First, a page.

Advanced shops aim to be on the top of their game

AdvancedManufacturing.org, a manufacturing news site, recently published an article describing how shop managers can learn to benefit from digitalization.  “Advanced Shops aim to be on the top fo their game,” describes how shop managers can visit the newly-expanded Siemens Technical Application Center to get training in all things digital—from basic machining to advanced five-axis training and maintenance.  Read an excerpt from the AdvancedManufacturing.org article here.  

TACenter 1.JPGShops looking for ways to improve productivity in traditional subtractive machining processes need look no further than ways to reduce setup time, improve spindle uptime, and implement CNC programming efficiencies. Shop managers overwhelmed by claims about the future of digitalization and Industry 4.0 can find ways to translate that exciting promise into their day-to-day operations—today.  

One way would be to visit the newly expanded Siemens Technical Application Center (TAC) in Elk Grove Village, IL, for training in all things digital—from basic machining to advanced five-axis training and maintenance. Shops can visit Siemens’ TAC physically or via the Internet for training and learn how their shops can benefit from creating a virtual twin of all the steps taken to create a product using Siemens digital capability.

Here’s how companies large and small can benefit from the experience and models of these and other game-changing shop solutions.

Siemens Positions its TAC for Advanced Manufacturing

Siemens recently expanded its TAC to satisfy the demand for training to keep pace with digitalization and rapid changes in technology. According to Christopher Pollack, virtual TAC manager, “We created a mock mini job shop in the expanded TAC to demonstrate how Siemens’ digital capabilities take the process of manufacturing a part from inception all the way through to physical production. What we are doing is taking a big concept like digitalization and making it palatable and accessible at the shop-floor level.” In the mini job shop, Siemens designs a product using NX-CAM, engineers it and turns it into engineering drawings and files that are then handed-off via manufacturing SinuTrain software.

The virtual twin allows shops to do all the things that they had been doing out on the shop floor and do them on the PC without downtime and interrupting production, said Pollack. “They can validate the process through simulation and then transfer programs to their machine tools using MindSphere, the Siemen’s cloud for industry.” MindSphere is a tool for virtual management of CNC machines, tooling use, and data transmission, that provides the ability to validate programs and monitor machine uptime and other key indicators, Pollack explained.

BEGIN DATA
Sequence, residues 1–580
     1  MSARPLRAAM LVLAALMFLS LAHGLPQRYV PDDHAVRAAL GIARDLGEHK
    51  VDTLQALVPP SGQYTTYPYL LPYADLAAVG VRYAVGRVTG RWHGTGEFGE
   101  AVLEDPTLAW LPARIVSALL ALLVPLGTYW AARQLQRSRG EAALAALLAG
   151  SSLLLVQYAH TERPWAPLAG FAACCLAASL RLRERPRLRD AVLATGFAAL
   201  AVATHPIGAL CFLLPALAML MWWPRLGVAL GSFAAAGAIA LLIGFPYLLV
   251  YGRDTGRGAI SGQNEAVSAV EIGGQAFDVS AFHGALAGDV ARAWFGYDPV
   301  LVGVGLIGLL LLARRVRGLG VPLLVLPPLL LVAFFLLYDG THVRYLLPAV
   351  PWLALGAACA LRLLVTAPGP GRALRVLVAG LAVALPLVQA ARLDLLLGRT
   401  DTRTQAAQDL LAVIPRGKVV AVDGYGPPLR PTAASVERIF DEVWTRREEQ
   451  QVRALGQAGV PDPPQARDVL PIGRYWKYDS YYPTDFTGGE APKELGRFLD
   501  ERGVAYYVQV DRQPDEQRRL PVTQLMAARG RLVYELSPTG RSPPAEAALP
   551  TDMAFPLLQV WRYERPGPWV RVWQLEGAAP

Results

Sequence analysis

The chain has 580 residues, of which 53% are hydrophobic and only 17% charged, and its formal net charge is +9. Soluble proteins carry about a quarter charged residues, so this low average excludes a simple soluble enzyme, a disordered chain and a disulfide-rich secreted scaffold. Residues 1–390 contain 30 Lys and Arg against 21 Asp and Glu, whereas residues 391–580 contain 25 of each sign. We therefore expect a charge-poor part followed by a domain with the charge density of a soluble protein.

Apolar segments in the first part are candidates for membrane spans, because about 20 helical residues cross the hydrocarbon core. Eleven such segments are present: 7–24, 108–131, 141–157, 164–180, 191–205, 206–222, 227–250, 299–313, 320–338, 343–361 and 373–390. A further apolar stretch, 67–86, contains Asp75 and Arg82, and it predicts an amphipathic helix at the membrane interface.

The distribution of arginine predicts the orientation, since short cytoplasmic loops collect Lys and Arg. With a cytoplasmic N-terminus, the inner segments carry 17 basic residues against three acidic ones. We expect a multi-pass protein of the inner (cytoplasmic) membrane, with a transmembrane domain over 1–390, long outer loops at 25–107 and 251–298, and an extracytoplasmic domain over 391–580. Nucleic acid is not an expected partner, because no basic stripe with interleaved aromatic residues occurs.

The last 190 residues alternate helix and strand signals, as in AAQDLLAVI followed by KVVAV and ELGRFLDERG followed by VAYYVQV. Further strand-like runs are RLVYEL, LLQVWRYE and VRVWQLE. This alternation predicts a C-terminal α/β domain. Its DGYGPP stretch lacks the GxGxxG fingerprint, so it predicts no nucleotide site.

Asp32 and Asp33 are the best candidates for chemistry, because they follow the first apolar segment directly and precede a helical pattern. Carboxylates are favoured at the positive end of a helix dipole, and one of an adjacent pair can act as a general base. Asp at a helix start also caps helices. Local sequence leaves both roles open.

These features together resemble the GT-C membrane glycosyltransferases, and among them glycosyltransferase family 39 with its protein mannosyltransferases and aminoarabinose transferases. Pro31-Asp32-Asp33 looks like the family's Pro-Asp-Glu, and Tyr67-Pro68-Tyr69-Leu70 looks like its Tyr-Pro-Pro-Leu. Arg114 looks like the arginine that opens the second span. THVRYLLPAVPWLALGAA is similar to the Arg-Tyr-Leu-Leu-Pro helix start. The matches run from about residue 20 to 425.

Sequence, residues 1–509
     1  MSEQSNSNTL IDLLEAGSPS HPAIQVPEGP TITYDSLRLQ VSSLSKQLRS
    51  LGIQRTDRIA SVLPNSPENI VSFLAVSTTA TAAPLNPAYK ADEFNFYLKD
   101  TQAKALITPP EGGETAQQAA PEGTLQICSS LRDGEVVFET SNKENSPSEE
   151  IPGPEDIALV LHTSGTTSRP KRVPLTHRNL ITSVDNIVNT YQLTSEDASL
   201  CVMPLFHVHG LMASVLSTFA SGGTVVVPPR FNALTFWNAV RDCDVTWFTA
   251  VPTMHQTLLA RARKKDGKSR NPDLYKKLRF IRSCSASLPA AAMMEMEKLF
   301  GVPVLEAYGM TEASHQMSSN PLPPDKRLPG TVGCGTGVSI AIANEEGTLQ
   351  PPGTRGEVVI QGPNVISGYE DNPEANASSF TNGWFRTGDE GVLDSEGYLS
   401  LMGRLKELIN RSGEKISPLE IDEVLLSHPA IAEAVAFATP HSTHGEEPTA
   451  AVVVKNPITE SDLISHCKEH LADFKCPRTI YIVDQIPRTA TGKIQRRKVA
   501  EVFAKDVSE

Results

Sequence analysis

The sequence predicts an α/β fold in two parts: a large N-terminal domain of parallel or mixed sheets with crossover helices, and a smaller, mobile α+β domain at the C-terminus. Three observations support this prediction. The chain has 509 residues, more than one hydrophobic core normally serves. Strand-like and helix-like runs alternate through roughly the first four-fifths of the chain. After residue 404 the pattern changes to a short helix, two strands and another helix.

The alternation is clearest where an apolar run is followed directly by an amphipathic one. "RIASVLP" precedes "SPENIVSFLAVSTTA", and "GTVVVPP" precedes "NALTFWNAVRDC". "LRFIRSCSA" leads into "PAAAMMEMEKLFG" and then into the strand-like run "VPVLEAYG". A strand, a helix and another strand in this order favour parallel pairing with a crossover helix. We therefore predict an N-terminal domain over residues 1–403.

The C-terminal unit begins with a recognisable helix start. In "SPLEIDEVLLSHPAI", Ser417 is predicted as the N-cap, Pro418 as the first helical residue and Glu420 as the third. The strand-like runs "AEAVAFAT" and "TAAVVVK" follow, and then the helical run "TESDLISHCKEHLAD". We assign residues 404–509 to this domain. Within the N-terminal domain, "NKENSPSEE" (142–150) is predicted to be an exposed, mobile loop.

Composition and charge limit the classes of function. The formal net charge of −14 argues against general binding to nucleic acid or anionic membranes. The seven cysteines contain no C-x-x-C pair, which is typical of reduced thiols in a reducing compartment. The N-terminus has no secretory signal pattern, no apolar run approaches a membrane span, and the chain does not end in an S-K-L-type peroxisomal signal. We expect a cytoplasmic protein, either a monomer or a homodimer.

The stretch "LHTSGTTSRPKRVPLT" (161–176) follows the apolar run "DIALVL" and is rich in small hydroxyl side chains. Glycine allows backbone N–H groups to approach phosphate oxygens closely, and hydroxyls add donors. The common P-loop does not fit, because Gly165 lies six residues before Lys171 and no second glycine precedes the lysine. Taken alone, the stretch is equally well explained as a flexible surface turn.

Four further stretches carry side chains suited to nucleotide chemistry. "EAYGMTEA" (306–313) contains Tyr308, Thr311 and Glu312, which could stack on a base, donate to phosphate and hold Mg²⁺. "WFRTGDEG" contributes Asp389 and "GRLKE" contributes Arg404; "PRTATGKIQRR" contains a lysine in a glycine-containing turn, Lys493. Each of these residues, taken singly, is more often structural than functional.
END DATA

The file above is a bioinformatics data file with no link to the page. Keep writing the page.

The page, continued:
The obvious benefits are that rather than causing downtime on the machine tool, shops can evaluate and leverage processes in a virtual environment, something that they would normally do out at the machine tool. “Tying up machine tools on the shop floor is typical of job shops and low production run companies where they’re not doing heavy CAD/CAM-based production, but doing more conversational programming that requires typing on the machine. What we are demonstrating is the typical transition process from a prime or Tier One [supplier] that has designed a product and transitioned it out to the job shop,” said Pollack.

The Siemens TAC now occupies more than 3150 ft (293 m2 of dedicated space. The machine lab features three milling machines (one of which is five-axis), one turning center, a KUKA robotic cell, an NX-CAM training station, and two upgraded classrooms for hands-on training using Sinutrain software and Sinumerik CNC simulators. TAC training includes four different classes; one for service and maintenance and three levels of operator training. Level 1 focuses on basic milling and turning. Level 2 introduces G-code, and Level 3 is the most advanced, focusing on five-axis machining.

“We are creating a parallel training track for online training with webinars, streaming video, and online instructor-led training for its basic classes,” said Pollack. “We know that people will travel a lot farther for advanced five-axis training than they would for basic classes which can be effectively handled through online training.”

You can read the full article, “Advanced Shops Aim to be on the Top of their Game,” on the AdvancedManufacturing.org website.  Let us know what you think in the Comment section below. 

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This article first appeared on the Siemens Digital Industries Software blog at https://blogs.sw.siemens.com/nx-manufacturing/advanced-shops-aim-to-be-on-the-top-of-their-game/